April 15, 2011 4:19 pm

Murray, Stoll, Hextall react to suspension

Not surprisingly, the topic of the day was Jarret Stoll’s one-game suspension for his hit on San Jose’s Ian White in Game 1 last night. White left the game immediately after the hit and is not expected to play tomorrow night in Game 2. Stoll had a disciplinary hearing with NHL vice president Colin Campbell and others this morning, and shortly thereafter the suspension was handed down. Stoll practiced with the Kings today in a gray jersey, along with injured winger Scott Parse, and after practice, Stoll talked about the suspension, as did assistant general manager Ron Hextall (Dean Lombardi did not attend practice and has not returned a phone message). But first, here are Terry Murray’s thoughts on the suspension, as well as Jason Demers’ hit on Ryan Smyth, in which Demers left his feet and appeared to hit Smyth in the head…

MURRAY: “My thoughts on the hit, or the league’s decision, is that we will accept the decision made by the league and get through the next game. But I want to say this. If Jarret Stoll gets suspended for that hit, then Demers’ (hit) is five times more severe, on Ryan Smyth, than what Jarret Stoll did on White. He meets every criteria that you could read about, from league memorandums. Every coach, every player, every management (member), every owner knows about it. If you travel distance, you launch yourself two to three feet off the ice and thrown an elbow at a person’s head, that is a suspension, big-time suspension. I was behind the bench when Philadelphia played in Ottawa and Steve Downie got suspended for 25 games. There is no difference in the intent of that hit.”

Question: Is it your thought that Stoll got suspended because of the result, the injury to White?

MURRAY: “I don’t know what Colin Campbell is thinking. I don’t know what other people think. They base their decision on what they’re viewing, what the circumstances are, who the people are. All I know is that that other hit is five times more severe, more intent, traveling distance, launching yourself two to three feet off the ice and a blow to the head. That is a major, long-term suspension.”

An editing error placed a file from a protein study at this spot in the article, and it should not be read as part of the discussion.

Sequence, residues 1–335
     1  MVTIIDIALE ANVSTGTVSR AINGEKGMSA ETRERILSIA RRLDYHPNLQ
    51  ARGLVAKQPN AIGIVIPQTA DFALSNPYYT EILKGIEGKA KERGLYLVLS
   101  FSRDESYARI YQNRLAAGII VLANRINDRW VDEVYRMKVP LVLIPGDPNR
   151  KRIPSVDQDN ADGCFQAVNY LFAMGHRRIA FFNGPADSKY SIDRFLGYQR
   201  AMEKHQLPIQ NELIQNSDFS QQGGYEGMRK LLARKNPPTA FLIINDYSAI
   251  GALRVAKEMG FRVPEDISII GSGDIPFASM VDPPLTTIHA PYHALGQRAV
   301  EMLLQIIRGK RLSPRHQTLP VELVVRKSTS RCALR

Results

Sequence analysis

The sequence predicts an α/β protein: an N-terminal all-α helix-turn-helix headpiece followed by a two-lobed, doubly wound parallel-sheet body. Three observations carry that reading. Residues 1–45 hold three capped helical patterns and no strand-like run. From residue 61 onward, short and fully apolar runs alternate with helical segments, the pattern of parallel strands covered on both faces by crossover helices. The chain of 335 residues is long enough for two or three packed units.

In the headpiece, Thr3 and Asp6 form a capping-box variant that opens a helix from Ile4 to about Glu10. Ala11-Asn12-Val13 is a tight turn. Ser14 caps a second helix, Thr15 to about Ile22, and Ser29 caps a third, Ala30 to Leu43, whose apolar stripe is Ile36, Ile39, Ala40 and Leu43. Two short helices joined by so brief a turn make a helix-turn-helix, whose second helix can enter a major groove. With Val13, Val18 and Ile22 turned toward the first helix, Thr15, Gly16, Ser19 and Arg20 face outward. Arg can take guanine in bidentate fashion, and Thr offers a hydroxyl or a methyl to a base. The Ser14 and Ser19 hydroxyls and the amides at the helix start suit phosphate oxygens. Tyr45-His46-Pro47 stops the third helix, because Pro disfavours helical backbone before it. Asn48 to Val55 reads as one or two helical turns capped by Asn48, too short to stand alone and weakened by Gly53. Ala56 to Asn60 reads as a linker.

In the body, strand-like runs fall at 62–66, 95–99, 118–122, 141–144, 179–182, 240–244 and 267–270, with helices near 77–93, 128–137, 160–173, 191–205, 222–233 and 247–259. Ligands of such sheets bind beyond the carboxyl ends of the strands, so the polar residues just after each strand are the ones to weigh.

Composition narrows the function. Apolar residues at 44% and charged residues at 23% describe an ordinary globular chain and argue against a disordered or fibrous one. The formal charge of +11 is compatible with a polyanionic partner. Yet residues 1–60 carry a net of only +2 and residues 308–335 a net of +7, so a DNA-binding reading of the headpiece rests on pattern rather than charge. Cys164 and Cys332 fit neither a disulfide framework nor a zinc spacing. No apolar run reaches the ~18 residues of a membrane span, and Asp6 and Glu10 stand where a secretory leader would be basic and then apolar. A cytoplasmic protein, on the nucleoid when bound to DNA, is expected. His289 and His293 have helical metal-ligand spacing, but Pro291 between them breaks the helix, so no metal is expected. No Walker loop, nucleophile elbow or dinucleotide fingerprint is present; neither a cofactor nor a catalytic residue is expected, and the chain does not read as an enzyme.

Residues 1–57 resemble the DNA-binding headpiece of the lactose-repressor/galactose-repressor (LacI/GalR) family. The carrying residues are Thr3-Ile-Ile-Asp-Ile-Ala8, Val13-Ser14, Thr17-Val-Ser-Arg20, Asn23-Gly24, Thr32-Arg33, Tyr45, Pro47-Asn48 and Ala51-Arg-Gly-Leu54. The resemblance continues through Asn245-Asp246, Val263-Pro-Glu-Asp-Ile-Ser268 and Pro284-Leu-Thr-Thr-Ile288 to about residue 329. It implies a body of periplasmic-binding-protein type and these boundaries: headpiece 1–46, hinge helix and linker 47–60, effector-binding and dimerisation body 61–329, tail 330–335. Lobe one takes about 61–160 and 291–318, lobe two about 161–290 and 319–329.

And here’s what Stoll said after practice…

STOLL: “Obviously, I’m disappointed and upset with the decision. I don’t want to miss any games, whether it’s regular season or especially the playoffs. I’m really disappointed with the decision but I respect it, and I respect Colin’s decision, to do what he did and give me the game.”

Question: What did you say on the conference call?

STOLL: “I just explained what I was thinking and what I did and the play. I was honest with them. I told them what I thought, and I think that was the best way to go about it.”

Question: What did he [Campbell] have to say?

STOLL: “He didn’t say much. There were three or four people on the call that were doing the talking. He said he would get back to us fairly soon. He acknowledged that what I said was honest, and that was pretty much it.”

Question: How tough is it to miss this playoff game?

STOLL: “It hurts, for sure. Down 1-0, that game was there for us in Game 1. We didn’t get it, obviously, but guys have got to step up. It’s really tough to miss a playoff game, for sure.”

Question: Do you think it should have been a suspension?

STOLL: “That’s not my call, that’s their call. They made it. It’s out of my hands. I respect the decision, like I said.”

Question: What are your thoughts on Ian White and his injury?

STOLL: “I hope he’s OK. You never want to see a guy get knocked out or have a concussion or miss any time. I missed a lot of time with a concussion years back, and I know what it feels like. I definitely don’t want to put anybody in that situation. He’s a good player. I played against him in junior. I know a lot about him and I just hope he’s all right.”

Finally, here are Hextall’s thoughts on Stoll’s suspension…

HEXTALL: “That’s a tough one. Me, personally, I’m disappointed in the decision, but we’ve got no choice but to live with it. That’s kind of where I’m at with it. … What I saw on the play was that Ian White hit his head on the dasher. To me, is that reflective of Jarret Stoll, or is that reflective of where he hit the boards? When I look at it, Stolly didn’t take a stride after the faceoff dot. He turned his feet at the goal line and then went in to pin the player. That’s what I saw. He hit his head, obviously, on the dasher. It’s a physical game and things happen. So I’m disappointed.”

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